I love a whole lot of your projects but one I revel in most is the Harmonix “The Beatles: Rock Band” in which you pull off some unbelievable characters & animation in the second part of it. How did this project fall on your laps and how long did you take to execute Ree Treweek’s CG characters?
The project was directed by Pete Candeland and produced by Passion Pictures; our involvement was in the actual character designs seen in the latter part of the spot. As both Pete and Shy the Sun are represented by Passion Pictures we’ve had a few projects where we involved together with him, having Ree usually design the characters. The Beatles Rock Band was one of them that realized. After receiving the brief, Ree initially developed quite a lot of rough characters from which they chose the final ones to develop further. After the selection was made she coloured and added more detail and supplied write-ups explaining exactly how each one character performs and what musical instrument they play or rather represent. At this point we handed them over to Pete and Passion’s production team to translate into 3D and take them further.
As one of the most noted studios in Africa with a focus on commercial work, you gain advantage by continuing to surprise audiences with your impressive work, always giving more and more. Does being in South Africa set you apart?
As Passion Pictures and Strangebeast represent us in the UK, Europe and USA, we’re contending on a global level, which automatically sets us apart as we have to work so much harder to get recognized and be involved on a competitive level worldwide. In addition I also believe that being born in South Africa have given us the benefit of coming out of a hybrid community with lots of creative input. Even though it is academically rooted in a European and American context, we have the edge of African practicality that gives us a different approach. Our nature and passion for what we do are the main drive force behind us constantly challenging ourselves and wanting to push the bar no matter where we would be residing in the world. For every new project we get briefed on we think of how we can take it to the next level, aiming to gain experience and further our technical knowledge which majorly influences our conceptual and creative borders. I always feel that due to our honest approach to our work that people automatically respond positively as we’ve got nothing to hide or prove, what you see is really what we want to offer.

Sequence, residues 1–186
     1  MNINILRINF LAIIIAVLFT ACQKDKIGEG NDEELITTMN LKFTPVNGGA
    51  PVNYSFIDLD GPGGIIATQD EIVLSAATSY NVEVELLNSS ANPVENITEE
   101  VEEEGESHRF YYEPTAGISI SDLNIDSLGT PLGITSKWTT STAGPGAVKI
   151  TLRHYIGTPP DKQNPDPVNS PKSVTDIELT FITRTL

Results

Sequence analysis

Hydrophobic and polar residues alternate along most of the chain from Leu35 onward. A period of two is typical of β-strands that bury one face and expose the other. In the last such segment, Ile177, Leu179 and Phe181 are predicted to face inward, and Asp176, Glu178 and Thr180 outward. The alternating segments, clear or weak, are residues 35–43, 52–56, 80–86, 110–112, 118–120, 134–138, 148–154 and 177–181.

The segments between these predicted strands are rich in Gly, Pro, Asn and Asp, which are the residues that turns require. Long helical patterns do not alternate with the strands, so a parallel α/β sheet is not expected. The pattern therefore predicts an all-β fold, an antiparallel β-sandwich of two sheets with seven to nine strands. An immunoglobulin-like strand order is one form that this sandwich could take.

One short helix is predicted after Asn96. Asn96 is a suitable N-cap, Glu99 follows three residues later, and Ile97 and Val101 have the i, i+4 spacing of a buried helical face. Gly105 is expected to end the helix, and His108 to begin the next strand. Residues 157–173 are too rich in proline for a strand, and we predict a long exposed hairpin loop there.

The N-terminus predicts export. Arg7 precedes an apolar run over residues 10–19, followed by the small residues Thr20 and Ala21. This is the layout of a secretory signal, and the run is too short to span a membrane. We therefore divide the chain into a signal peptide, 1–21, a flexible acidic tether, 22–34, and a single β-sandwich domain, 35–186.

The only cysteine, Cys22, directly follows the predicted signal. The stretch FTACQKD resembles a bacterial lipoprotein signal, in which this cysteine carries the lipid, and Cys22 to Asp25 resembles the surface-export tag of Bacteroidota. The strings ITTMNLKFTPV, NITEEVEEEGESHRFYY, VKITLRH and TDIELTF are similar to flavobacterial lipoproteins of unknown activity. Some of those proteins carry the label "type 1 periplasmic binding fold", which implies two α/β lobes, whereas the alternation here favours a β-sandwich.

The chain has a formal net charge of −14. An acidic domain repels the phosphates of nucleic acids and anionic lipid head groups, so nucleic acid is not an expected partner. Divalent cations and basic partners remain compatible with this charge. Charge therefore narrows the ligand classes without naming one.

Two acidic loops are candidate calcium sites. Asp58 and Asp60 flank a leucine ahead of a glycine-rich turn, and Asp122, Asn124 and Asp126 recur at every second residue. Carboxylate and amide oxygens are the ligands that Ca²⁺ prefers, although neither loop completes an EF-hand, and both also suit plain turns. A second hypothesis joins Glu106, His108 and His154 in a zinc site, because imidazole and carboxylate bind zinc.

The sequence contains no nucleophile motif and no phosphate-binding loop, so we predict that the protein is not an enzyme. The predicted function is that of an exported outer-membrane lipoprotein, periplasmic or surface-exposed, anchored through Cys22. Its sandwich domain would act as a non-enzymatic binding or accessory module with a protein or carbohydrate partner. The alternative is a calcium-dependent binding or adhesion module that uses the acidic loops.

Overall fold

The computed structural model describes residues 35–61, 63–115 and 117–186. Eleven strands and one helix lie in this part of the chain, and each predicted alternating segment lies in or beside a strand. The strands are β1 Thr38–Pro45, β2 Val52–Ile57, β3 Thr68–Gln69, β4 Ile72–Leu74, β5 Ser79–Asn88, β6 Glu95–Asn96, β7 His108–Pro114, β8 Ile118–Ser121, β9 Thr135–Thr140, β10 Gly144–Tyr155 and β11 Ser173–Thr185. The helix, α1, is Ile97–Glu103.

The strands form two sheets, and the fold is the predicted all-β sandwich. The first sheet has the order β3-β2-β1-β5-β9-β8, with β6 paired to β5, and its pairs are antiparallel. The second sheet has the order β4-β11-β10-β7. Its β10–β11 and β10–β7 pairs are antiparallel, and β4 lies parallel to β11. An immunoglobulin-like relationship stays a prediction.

Your great design & animation projects elevate one’s experience and have this magical sense about them, almost peering through the sense of a child’s eye. See: Bakers “Precious Biscuits” This is not usually evident in a lot of work we get to see in the continent. What’s your formula to keep clients wide open to these ideas and thinking?
Our difference is certainly what I believe intrigue potential clients in the first place. Our industry’s current consumer mind-space makes us believe we should deliver what people expect of you, so we tend to forget what we really have to offer from within. I’m sure a few clients might look at our work and not be keen to use us at all, just because they feel it’s too fantastical and crazy, but then again this is just as much an appealing force to some. All of us still have the child’s eye in us, but most of us just ignore it and pretend to be all grown-up, which is boring. Audiences are in need to see something out of the ordinary compared to the monotonous product driven images and messages they get bombarded with. People are emotional creatures and by creating characters fulfilling the roles of actors you reflect the viewer on a personal level. It allows for the audience and the commercial to carry each other, creating a much more intimate experience. We’ve been fortunate up until now with clients that come to us because of our different approach, and this is always a good starting point as they’re more open from the get-go. Conceptually we’ve always been in a good place with clients, I think even for them they look forward to see what we come up with next. With animation being a tricky medium to work in, referring specifically to the story only coming together at the end, I would more say that the challenging aspect is the production process. You have to make sure they’re constantly informed and kept in the loop of the different phases of production to take it to final stage.
Any words of advice for young creatives, individuals and small independent studios such as yourselves wanting to produce rich quality work?
Do what you enjoy, do your best, be honest and pay attention to people’s needs.